The following is a guest contributed article by Joseph DeLuca, a mobile marketing analyst at Trademob.
Thanks to rapid growth and the constant influx of new technologies, mobile advertising has become one of the most dynamic markets in the world. Within this market, in-app advertising is the fastest developing sector, and is set to be valued at $7 billion by 2015.
App marketers have long been fixated on user acquisition and obtaining the lowest cost-per-install (CPI) prices possible. However, it is now important for marketers to include more sophisticated and relevant mobile advertising tactics into their overall strategy while continuing to gauge the effectiveness of their campaigns using advanced metrics. The end result will be a more effective communications channel for app developers and advertisers that is also more relevant for consumers.
Don’t Stop at Acquisition – Continue the Communication
One of the biggest mistakes made by mobile advertisers is the failure to continue the communication process with their existing user base (or not investing enough resources or effort into doing so). User acquisition is simply the first step of the mobile app marketing journey. Once you’ve built your user base, it is important to then facilitate engagement and ultimately drive purchases.
Less than 5% of acquired users become paying customers, while 69% of users will only open an app 10 times or less. No matter how low your acquisition costs are, if those users are not opening your app then you’re simply throwing away money. And from a budgetary standpoint, re-engaging an existing user costs one-third as much as acquiring a new one.
SuperData estimates that the average CPI in October 2013 was $2.73 for mobile games, compared to an average revenue per user (ARPU) of $1.96. For the coming holiday season, SuperData estimates that CPI will be more than double ARPU, which means that game developers will need to keep players engaged for at least two months (or more) before they can start making profits.
Even if concerted efforts are made to acquire high-potential users, it is likely that engagement will eventually drop. In fact, 62% of users will abandon an app just one month after acquisition.
Reaching Your Current Users
Many app developers simply rely on push notifications to communicate with their existing user base. However, these messages are only received by a fraction of users. According to Business Insider, only 30% of iPhone users accept push notifications, which means that 70% of an app’s audience simply isn’t receiving the message. Furthermore, these figures don’t take into account the countless number of users who uninstall an app simply due to the sheer annoyance caused by push notifications, which is why more sophisticated tactics must be incorporated.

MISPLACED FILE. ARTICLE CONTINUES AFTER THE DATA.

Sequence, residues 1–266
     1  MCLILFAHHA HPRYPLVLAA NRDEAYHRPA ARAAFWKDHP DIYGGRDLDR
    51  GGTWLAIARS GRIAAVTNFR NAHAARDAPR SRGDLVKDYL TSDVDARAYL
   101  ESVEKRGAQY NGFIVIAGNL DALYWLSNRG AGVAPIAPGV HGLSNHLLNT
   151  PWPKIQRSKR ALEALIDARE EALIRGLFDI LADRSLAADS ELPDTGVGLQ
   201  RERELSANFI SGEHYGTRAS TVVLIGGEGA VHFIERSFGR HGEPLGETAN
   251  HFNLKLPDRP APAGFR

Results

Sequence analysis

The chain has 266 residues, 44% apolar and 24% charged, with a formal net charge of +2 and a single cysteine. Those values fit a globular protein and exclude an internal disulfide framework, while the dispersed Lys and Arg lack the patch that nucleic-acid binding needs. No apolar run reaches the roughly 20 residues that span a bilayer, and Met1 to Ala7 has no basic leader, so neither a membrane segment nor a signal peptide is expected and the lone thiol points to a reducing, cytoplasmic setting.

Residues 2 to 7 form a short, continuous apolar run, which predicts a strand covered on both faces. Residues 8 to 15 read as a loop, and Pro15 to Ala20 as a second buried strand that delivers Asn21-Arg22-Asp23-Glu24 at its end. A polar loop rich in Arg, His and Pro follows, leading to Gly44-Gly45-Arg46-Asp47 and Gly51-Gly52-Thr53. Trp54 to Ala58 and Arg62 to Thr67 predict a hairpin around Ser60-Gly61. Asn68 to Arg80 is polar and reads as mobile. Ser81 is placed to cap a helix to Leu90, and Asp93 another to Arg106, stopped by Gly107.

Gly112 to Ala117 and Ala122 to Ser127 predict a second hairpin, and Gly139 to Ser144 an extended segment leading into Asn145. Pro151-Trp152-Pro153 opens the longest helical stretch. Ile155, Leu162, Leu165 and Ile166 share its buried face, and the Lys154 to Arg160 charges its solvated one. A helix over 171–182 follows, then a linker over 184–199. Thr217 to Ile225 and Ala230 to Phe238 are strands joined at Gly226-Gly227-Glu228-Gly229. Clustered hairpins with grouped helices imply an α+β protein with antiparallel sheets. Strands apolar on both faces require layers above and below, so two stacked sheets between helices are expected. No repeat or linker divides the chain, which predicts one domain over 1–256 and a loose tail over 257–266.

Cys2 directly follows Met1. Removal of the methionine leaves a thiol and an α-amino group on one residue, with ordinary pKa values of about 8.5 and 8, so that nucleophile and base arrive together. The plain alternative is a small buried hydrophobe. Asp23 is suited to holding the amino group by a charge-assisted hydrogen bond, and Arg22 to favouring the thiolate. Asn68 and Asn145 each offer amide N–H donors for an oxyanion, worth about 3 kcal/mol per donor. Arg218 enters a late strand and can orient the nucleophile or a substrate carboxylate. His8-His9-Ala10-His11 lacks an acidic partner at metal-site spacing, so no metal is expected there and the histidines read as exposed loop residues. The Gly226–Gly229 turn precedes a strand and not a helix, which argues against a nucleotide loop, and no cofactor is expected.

There are several ways to communicate to existing users, but the most effective tactics are always those that market to the consumer on a 1-1 basis. Thanks to advances in targeting, retargeting and tracking on the mobile platform, such marketing is now becoming possible. Smartphones are highly personal belongings, so the messages that users on these devices receive should also be personal.
The best way to provide such communication is through retargeting campaigns. By targeting specific users based on their mobile behaviors and actions, unique ads can be served urging a user to open an app or to perform certain actions within the app. This is an effective tactic for reactivating dormant users who cannot otherwise be reached, or for increasing the lifetime value of an engaged user by offering him/her a special voucher.
As mobile advertising continues to evolve, the metrics we use to gauge the effectiveness of campaigns must also evolve. Gone are the days of solely designing campaigns based on attaining the lowest CPI possible.
Standard engagement metrics such as monthly active users/daily active users (MAU/DAU), open rates, and session times can also be misleading; The vast majority of users will never spend a cent, even if they are actively using your app (this is especially true for gaming apps).
Customer lifetime value (LTV) and average revenue per user (ARPU) are good metrics to start with when analyzing your user base, since they are directly related to revenue. Although they don’t tell the whole story, engagement metrics should not be neglected. Analyze carefully and in accordance with the business model of your app. You should also monitor your long-term retention rates as well as your cost per reopening (CPR) in order to facilitate the dissection of a retargeting campaign’s effectiveness.
The most important thing is to establish custom metrics that are most relevant to your app. For example, if you have a retail app, average basket size and transaction frequency are important metrics. If you have a gaming app, in-app purchases (IAP) are most relevant, and for a travel app, rebookings are important, etc.
Though it seems obvious, many app marketers fail to understand that continuous communication with customers is crucial to success. The app marketing journey doesn’t end with user acquisition – this is merely the beginning of the relationship between you and your users.